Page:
People over the age of 50 who are hospitalised with swine flu are the group most likely to die from the illness, but (A)H1N1 flu remains a young person's illness, US researchers have said.
Around 11 per cent of the 1,088 cases of swine flu reported in California between April 17 and August 22 died, and although infants were most likely to be hospitalised with (A)H1N1 influenza, the death rate was higher among older people, researchers at the California department of health said.
"Overall fatality was 11 per cent (118/1,088) and was highest (18-20 per cent) in persons aged 50 years or older," the researchers wrote in the study, which appeared in the Journal of the American Medical Association.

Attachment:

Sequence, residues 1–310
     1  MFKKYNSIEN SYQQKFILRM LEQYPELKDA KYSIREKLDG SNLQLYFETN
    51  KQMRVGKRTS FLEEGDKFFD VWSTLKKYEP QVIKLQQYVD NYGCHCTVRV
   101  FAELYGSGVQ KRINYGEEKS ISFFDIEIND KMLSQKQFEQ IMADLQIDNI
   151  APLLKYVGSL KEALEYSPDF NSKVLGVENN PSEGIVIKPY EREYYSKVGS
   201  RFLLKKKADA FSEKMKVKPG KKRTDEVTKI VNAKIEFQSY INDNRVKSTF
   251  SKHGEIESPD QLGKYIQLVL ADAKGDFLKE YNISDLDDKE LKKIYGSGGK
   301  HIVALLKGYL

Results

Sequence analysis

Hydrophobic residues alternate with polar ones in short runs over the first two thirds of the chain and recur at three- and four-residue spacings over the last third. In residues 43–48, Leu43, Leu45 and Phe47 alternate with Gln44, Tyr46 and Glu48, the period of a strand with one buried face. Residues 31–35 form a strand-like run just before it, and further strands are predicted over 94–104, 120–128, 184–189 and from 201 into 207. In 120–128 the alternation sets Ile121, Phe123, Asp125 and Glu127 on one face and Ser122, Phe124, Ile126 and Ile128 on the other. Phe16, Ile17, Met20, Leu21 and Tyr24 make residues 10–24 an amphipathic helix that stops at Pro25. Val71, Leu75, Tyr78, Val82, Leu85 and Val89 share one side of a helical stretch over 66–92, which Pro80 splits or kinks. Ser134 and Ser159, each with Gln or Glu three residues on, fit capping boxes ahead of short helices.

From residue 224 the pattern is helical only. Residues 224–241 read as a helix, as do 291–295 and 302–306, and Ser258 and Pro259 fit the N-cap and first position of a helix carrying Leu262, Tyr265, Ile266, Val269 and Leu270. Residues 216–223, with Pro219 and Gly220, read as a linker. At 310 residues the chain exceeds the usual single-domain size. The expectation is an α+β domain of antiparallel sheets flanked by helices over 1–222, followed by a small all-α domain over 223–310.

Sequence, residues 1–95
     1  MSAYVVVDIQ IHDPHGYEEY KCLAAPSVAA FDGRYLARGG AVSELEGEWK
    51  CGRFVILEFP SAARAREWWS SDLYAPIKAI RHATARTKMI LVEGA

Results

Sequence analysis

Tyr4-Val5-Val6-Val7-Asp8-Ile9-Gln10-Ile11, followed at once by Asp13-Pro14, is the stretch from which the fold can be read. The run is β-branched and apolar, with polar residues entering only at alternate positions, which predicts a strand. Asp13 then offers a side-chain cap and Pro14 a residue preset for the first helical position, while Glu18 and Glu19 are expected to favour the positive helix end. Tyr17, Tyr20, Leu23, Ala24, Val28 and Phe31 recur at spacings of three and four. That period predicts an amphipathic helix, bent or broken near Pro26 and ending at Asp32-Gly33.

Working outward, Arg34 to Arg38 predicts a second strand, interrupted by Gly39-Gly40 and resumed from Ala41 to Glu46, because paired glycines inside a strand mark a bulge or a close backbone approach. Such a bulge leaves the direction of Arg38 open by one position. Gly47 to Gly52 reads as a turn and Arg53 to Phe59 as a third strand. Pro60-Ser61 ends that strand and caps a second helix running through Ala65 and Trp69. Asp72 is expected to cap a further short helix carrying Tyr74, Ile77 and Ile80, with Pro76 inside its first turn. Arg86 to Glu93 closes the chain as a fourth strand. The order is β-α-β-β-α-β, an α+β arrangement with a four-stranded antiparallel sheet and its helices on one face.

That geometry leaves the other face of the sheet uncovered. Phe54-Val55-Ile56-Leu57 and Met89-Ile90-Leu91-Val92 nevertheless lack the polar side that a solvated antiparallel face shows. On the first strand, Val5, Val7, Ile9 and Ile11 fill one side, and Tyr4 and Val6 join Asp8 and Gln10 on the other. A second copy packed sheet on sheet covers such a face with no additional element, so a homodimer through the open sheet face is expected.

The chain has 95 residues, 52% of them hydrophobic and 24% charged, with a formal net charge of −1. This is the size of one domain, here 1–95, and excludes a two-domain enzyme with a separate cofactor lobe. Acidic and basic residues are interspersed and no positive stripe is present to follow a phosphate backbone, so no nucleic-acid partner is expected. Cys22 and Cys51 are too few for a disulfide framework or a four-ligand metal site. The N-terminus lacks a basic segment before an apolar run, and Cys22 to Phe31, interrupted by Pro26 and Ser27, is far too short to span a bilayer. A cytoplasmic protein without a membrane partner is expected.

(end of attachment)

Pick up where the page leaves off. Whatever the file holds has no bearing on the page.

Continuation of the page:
The death rate among children younger than 18 years, who made up around a third of swine flu cases reported in California in the first 16 weeks of the outbreak, was seven per cent, the study said.
US health officials have repeatedly characterised swine flu as "a younger person's disease" and put children and young adults under the age of 25 on a list of priority groups for vaccination against the disease.
More than half of hospitalisations and nearly a quarter of deaths in the United States from pandemic H1N1 have involved people under the age of 25.